Thanks to Gail who was an excellent tour operator, Tim, Eifion, Lee and of course, the current Mr E who exercised considerable restraint and only bought a single CD from a record shop – it was all in all a perfect short break with good friends.


Until next time.

Tracy xx





Posted in Creative Photography, Culture, Everything Else!, Fuji, Holidays, Street | Leave a comment

Imagination is more important than knowledge…

Every time I sit down to write a blog, I am still amazed at the number of times I’ve been able to get out and about with my camera.  The world continues to turn, the day job is still busy, we’re travelling through autumn at a rate of knots with Christmas looming and the ironing mountain at Edwards Towers still needs to be done, but despite all of this, I still find time to enjoy my photography.

One of the things I love about photography is the way that it brings like-minded people together. As I’m writing this blog I’m also looking back at a variety of photo shoots I’ve undertaken and the people that I’ve met along the way. Never is this more true than the days and weeks which follow a photographic event or workshop. Models, make-up artists, dress designers, stylists and other photographers all play a part in my creative journey, yet our paths may never cross again and I am always left feeling thankful that we met. Even if some of them only grace my world for a short period of time, it feels as if they’ve all left tiny footprints in my life.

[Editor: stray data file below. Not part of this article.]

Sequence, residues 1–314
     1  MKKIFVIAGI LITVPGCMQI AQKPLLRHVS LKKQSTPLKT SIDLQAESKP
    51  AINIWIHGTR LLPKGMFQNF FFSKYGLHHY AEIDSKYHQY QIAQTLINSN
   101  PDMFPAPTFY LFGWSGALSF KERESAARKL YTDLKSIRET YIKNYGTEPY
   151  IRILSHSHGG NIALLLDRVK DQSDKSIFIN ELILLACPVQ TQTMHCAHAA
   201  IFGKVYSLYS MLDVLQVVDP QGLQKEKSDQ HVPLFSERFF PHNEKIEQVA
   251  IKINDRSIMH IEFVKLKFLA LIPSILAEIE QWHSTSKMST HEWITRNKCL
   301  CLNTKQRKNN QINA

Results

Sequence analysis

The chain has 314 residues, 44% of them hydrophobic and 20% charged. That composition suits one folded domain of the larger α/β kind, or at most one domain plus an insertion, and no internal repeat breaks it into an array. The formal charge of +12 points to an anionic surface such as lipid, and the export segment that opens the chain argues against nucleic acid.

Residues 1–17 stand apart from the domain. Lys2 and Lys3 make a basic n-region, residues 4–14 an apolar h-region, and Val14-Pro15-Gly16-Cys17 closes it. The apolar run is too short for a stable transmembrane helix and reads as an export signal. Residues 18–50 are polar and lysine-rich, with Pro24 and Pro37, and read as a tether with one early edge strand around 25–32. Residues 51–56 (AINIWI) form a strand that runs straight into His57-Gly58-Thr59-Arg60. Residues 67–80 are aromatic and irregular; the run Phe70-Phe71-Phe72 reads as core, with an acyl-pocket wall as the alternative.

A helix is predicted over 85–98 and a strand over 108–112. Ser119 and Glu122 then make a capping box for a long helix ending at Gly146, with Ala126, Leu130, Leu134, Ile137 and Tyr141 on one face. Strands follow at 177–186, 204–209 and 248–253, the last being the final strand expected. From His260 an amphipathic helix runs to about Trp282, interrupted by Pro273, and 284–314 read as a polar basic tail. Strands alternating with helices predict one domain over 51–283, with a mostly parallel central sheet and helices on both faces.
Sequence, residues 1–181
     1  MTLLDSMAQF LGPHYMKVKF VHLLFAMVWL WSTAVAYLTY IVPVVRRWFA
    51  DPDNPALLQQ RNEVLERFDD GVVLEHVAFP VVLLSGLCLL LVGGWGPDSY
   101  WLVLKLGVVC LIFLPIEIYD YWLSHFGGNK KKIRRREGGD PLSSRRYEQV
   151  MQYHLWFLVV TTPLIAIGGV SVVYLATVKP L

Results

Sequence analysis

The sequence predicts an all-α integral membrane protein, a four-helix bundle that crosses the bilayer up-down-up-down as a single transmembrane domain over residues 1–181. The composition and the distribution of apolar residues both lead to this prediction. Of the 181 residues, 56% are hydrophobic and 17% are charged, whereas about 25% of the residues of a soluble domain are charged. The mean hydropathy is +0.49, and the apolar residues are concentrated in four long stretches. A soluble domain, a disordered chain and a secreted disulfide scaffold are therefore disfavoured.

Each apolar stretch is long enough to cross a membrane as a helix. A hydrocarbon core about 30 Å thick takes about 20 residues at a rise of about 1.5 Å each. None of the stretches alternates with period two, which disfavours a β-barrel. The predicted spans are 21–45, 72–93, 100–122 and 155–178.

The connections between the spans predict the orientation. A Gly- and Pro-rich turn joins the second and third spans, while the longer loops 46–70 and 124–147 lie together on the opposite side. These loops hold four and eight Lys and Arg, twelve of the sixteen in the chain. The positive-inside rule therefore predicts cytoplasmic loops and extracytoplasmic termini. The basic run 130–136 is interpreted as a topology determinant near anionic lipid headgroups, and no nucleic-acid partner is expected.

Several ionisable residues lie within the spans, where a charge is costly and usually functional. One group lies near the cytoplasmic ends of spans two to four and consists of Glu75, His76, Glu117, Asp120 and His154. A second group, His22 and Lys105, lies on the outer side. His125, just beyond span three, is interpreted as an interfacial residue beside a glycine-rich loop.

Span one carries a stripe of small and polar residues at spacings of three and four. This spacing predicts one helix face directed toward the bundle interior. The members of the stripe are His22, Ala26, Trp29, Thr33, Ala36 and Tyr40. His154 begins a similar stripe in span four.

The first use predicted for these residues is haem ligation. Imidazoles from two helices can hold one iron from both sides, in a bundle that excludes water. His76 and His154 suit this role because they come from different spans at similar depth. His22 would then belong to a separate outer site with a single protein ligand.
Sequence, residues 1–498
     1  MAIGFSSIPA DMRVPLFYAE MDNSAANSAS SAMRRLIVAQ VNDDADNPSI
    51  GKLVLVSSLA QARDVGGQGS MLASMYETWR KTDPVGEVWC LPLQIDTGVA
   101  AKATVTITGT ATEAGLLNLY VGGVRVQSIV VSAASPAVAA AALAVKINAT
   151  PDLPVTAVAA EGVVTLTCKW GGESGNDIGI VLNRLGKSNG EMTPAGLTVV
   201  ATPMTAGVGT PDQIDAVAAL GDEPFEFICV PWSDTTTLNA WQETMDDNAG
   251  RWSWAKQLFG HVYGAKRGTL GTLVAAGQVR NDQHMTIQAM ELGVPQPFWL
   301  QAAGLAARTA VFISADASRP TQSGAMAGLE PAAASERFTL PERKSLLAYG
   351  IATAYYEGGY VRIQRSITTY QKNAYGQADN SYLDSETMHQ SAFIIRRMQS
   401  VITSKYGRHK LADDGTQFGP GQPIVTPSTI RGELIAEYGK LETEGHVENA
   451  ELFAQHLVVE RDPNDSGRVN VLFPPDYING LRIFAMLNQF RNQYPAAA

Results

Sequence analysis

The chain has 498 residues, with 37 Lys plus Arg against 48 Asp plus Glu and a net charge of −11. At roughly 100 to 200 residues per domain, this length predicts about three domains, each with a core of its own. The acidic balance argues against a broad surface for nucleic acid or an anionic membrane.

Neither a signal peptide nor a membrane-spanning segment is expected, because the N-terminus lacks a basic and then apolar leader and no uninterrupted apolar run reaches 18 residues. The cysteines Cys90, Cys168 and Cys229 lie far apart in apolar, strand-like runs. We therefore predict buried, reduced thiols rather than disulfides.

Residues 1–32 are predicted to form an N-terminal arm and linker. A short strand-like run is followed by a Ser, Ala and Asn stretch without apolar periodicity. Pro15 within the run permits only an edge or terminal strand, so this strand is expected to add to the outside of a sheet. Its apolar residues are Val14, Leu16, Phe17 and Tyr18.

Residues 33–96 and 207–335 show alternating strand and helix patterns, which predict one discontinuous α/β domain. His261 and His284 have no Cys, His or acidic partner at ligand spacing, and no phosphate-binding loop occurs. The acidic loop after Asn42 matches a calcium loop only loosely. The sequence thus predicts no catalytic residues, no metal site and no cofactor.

This weekend I had the absolute pleasure of attending two photographic events, very different in nature, but each one as rewarding as the other albeit in a different way.

If you’ve never heard of Walter’s Wardrobe I would urge you to go and track it down on social media. The brainchild of a remarkable young woman who has enjoyed a pretty stellar modelling career in the creative photography world working with people such as Brooke Shaden, Ben Von Wong, Lovegrove and McGillicuddy to name a few, Jen Brook has now turned her hand to organising highly professional, creative and exciting portfolio building photographic events. Drawing on her own experience, using her extensive network of contacts and I suspect a pretty persuasive manner, Jen has been able to run events in the most amazing locations including Allerton Castle, Wentworth Woodhouse and most recently, a private home in Yorkshire.

As Mr E and I drove along the M62 corridor on Friday morning the rain and fog made for a very challenging journey, however as we neared the White Rose county the weather picked up and the colours of autumn glowed along our route.

Reaching our destination I was very happy to recognise familiar faces, including Jane, this time with her husband accompanying her; a very dear friend and ace photographer (she is not only because her work is top notch, but because she made me look and feel amazing when I had a photoshoot for my 50th birthday last year) Jo Rutherford (check her out and look for her Alter-Ego Portrait series), along with her mate Donna (who was quickly added to the creative team) as well as Maureen and Lesley from another aspect of my photographic world. Greeted by Jen and her dad John, after a quick cuppa we were treated to a tour of the house to help us get our bearings, and start to formulate some ideas for the day ahead.